The prior was resolved to address the assembled brethren in the chapter-house, not one being absent.

We are enabled to see how all this bore upon the fortunes of Hyla.

Sir John Leyntwarden was martyred by Roger Bigot on his way to attack Hilgay.

Sir John was a friend of the monks with whom Hyla had taken refuge. On the occasion of the news the prior summoned a chapter of the brethren, [Pg 188] and all the men living in the monastery village on the hill who were not serfs.

The village was practically empty and free to the hands of a long boat of armed men, which, under cover of the dark, was now moving swiftly over the lake.


[Pg 189]

"Justorum Animae in Manu dei sunt, et non Tanget Illos Tormentum Malitiae: Visi sunt Oculis Insipientium Mori, Illi Autem sunt in Pace."

The chapter-house at Icomb was a low, vaulted chamber divided into three compartments by rows of pillars bearing arches. A stone seat ran all round it for the monks, and the prior's seat was opposite the entrance. Two arches on each side of the doorway—there was no actual door—allowed the deliberations to be heard outside in the cloister. This was according to the invariable Cistercian plan. No one, save the monks themselves, could actually sit in the chapter-house, but others—in this case, the head men of the village—could stand in the cloister, and so become fully cognisant of the proceedings within.

The brothers filed through the dark cloisters towards the red doorways which showed that the chapter-house was lit within. The big bell in the centralone kept tolling unceasingly. One by one the brothers entered and [Pg 190]seated themselves upon the stone bench. Two of the fratres conversi stood by the prior's throne with torches. A sudden murmur of talk hummed through the place. The night was exceedingly hot.

A glance round at the seated figures would hardly have prepossessed the modern spectator. One and all, young and old, were as frowsy and unsavoury a lot as ever poisoned the air of a warm summer's night. The white, emaciated faces smeared with dirt, the matted beards, and glowing, excited eyes, all combined to produce a singularly unpleasant picture.

Yet as the torchlight revealed one distressing detail after another it also played upon a congregation of as holy men as could have been found anywhere in that century. Not for them the licence and luxury of some of the great monasteries, where the monks pursued the deer or set their falcons at feathered game with no less ardour than they followed a petticoat through a wood. Not for them chased cups of pimentum and morat while the tables groaned under fish, flesh and fowl. It is a pity, no [Pg 191] doubt, that they were not nice according to our ideas, but we can well forget that if we remember that they were indeed very holy men.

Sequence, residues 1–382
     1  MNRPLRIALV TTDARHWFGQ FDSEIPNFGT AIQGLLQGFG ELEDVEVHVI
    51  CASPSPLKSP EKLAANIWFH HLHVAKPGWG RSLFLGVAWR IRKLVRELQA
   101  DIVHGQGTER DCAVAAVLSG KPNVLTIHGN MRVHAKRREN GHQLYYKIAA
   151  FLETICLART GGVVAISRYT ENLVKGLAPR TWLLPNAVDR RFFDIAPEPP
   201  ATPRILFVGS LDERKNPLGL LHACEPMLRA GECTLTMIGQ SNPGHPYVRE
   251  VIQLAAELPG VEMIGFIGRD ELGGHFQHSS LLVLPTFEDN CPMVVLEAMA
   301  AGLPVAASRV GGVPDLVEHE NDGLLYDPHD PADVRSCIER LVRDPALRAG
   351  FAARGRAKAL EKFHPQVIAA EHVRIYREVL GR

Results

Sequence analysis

Presently the prior came in and took his seat upon the stone throne after he had said a short Latin prayer. The farmers and other villagers pressed to the archways of the opening, and, rising to his feet, Richard Espec spake in this wise:

"Brethren, this is a perilous time; and such a scourge was never heard since Christ's passion. You hear how good men suffer the death. Brethren, this is undoubted for the offences of England. Ye read, as long as the children of Israel kept the commandments of God, so long their enemies had no power over them, but God took vengeance of their enemies. We have erred, I wist, in our own lives, and God has sent this upon us. For when the Jews broke God's commandments then they were subdued by their enemies, and so be we. Therefore let us be sorry for our offences. Undoubted He will take vengeance of our enemies; I mean those blood-stained lords that causeth so many good men to suffer thus. Alas! it is a piteous case that so much Christian blood should be shed. Therefore, good brethren, for the reverence of God, every one of you [Pg 192] devoutly pray, and say this psalm, 'O God, the heathen are come into Thine inheritance; Thy holy temple have they defiled, and made Jerusalem a heap of stones. The dead bodies of Thy servants have they given to be meat to the fowls of the air, and the flesh of Thy saints unto the beasts of the field. Their blood have they shed like water on every side of Jerusalem, and there was no man to bury them. We are become an open scorn to our enemies, a very scorn and derision to them that are round about us. Oh, remember not our old sins, but have mercy upon us, and that soon, for we are come to great misery. Help us, O God of our salvation, for the glory of Thy name. Oh, be merciful unto our sins for Thy name's sake. Wherefore do the heathen say, Where is now their God?' Ye shall say this psalm," continued the prior, "every Friday, after the Litany, prostrate, when ye lie upon the high altar, and undoubtedly God will cease this extreme scourge."

Then he went on to tell them of the martyrdom of Dom John, and what a good and holy man he was. "Even now, my dear brethren," said he, "I know him to be a saint in heaven. He has seen God, and talked with His [Pg 193] Holiness, Saint Peter. Our Lady has smiled upon him. In the golden streets he has walked with gladness. I think that perhaps he is here with us now, our dear brother, that he sees us, and is full of love towards us all."

As his voice dropped towards the close, full of emotion, there was loud applause. As in very early Christian times, the brethren saluted the oration with a beating of hands.